Focusing on the timeframe of 1991 to 2014, and on the three cases of Egypt, Russia and China, the dissertation addresses questions about: Why do regimes allow INGOs to work in their country? What influences INGO decision making in restrictive environments? How do regimes reap the benefits of INGOs programming? How do INGOs adapt to restrictions? A creative, detailed and thorough examination of an increasingly important international issue, the dissertation thereby provides a strong theoretical basis for examining INGO-dictator relationships. Additionally, it offers a diversity of practical findings that can be used by local and international NGOs to manage risk and to improve their likelihood of survival and impact of their work.

The Selection Committee also acknowledges the merit and achievements of the two other finalists.

Nora Derbal, Freie Universität Berlin, Charity for the Poor in Jeddah, Saudi Arabia, 1961–2015.

Sara Compion, University of Kentucky, Volunteering And Democratization In Southern Africa: A Structural And Cultural Analysis.

Best Articles in Voluntas 2016 & 2017

 These articles will be open access and available to the public for August and September.  Patricia Mendonca, University of Sao Paulo and chair of the awards committee, presented awards to:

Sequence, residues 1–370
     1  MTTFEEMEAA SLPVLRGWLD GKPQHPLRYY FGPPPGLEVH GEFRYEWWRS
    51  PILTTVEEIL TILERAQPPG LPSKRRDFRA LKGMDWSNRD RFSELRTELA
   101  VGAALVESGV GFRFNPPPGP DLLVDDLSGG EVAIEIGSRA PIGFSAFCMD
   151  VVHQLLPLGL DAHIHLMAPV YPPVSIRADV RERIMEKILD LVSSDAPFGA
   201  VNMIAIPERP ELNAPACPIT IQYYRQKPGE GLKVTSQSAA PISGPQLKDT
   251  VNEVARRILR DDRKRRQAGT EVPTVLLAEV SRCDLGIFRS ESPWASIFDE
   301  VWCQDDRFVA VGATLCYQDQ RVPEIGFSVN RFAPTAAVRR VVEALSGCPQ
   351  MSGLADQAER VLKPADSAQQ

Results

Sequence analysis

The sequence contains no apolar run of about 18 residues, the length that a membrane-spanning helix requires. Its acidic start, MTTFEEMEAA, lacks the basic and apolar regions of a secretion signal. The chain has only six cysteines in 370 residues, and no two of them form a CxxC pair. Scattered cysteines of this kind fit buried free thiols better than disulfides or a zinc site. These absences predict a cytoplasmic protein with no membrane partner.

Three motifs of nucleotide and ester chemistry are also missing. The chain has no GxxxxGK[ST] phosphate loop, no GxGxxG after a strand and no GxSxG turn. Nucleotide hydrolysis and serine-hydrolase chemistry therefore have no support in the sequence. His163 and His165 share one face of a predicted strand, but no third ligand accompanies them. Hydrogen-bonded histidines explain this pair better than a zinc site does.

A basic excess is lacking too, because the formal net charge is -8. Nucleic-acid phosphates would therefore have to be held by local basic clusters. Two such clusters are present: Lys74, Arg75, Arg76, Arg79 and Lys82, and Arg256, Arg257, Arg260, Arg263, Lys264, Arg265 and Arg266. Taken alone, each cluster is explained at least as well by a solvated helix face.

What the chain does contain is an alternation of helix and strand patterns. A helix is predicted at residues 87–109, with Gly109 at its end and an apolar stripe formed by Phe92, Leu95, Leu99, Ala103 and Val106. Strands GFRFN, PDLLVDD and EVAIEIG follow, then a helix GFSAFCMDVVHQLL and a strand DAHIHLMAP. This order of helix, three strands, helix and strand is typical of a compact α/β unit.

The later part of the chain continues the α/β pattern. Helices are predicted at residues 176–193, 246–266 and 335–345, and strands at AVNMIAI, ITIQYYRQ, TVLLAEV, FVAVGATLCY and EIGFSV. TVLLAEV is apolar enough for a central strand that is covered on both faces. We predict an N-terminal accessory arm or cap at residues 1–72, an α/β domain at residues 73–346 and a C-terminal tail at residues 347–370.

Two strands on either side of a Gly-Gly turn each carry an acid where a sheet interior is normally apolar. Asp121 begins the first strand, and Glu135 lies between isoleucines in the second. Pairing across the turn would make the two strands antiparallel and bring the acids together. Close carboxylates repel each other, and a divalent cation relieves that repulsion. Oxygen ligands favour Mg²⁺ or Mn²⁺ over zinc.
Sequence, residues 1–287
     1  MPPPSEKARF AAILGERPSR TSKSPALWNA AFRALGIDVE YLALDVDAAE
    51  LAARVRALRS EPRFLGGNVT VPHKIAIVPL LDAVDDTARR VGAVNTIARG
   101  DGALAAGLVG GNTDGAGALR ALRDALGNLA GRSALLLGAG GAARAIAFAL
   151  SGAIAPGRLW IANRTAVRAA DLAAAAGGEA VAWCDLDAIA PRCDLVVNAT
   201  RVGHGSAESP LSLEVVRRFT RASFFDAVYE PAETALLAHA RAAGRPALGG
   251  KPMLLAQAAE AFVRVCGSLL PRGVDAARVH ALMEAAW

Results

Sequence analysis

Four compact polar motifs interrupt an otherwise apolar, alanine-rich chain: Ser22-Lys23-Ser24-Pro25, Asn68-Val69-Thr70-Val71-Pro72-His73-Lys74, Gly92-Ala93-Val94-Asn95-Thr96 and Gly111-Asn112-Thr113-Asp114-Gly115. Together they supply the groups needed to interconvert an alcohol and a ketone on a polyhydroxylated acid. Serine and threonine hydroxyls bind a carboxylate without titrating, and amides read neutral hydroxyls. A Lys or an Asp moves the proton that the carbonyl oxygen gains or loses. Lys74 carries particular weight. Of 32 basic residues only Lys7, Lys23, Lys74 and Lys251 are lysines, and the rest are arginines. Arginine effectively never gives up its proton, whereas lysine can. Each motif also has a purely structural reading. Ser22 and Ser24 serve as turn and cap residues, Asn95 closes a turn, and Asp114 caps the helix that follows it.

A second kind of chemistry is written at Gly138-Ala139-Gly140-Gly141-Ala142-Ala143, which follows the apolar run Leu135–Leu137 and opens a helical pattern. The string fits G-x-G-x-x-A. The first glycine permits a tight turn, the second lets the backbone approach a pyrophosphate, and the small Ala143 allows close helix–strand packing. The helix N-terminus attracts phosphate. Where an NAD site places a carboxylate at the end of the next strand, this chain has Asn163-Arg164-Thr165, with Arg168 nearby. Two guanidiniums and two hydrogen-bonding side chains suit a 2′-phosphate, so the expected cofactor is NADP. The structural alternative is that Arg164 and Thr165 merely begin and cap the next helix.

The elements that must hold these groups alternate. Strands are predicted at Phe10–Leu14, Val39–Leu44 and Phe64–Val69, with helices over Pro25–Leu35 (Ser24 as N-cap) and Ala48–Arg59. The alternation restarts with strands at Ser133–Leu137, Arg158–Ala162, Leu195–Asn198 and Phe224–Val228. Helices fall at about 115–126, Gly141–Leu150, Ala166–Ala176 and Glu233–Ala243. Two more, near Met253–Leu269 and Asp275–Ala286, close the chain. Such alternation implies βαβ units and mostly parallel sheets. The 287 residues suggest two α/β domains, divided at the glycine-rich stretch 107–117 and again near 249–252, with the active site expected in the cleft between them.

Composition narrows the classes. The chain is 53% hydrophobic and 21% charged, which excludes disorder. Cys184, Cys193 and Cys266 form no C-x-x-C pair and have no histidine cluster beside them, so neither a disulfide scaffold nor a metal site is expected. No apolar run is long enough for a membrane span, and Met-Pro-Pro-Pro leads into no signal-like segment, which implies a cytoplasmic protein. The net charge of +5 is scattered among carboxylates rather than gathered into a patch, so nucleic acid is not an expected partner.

• Abdulrazak Karriem, University of Western Cape Town, South Africa and Lehn M. Benjamin, Indiana University, United States, for their article, “How Civil Society Organizations Foster Insurgent Citizenship: Lessons from the Brazilian Landless Movement,” February 2016, Volume 27, Issue I, pp 19-36.
  • Jasmin Slootjes, Vrije Universiteit Amsterdam, The Netherlands and Thomas Kampen, University for Humanistic Studies, The Netherlands for their article, “Is My Volunteer Job Not Real Work? The Experiences of Migrant Women with Finding Employment Through Volunteer Work,” October 2017, Volume 28, Isuue 5, pp 1900–1921.

Best Poster

Stefan Toepler, George Mason University, and Publications Committee Chair presented the award to Andre-Anne Parent; Stéphanie Tourillon-Gingras; and Christian Jetté, Université de Montréal for their poster The Entre-Maisons Ahuntsic – A Collaborative Project at the Hearth of Low-rent Housing Units. Click here to see the award-winning poster!

best poster “It is the task of the publications committee to select and confer the best poster presentation award.  Doing so is a very delightful task; our only regret is that we cannot offer any publications opportunities along with the award.  That said, in selecting our awardee, we look for both intellectual and visual appeal of the poster. Intellectually, we look for clearly presented statements of the research question and approach that also convince through concision. Visually, we like posters that utilize different design elements without being distracting and that easily guide the eye along … bonus points go to posters that manage to do so without overtaxing the eyes of the grey-haired crowd and do not force us to open the magnification app on our iPhones.  There were many highly fascinating posters, but this one had the best overall package.”

PhD 3 Minute Thesis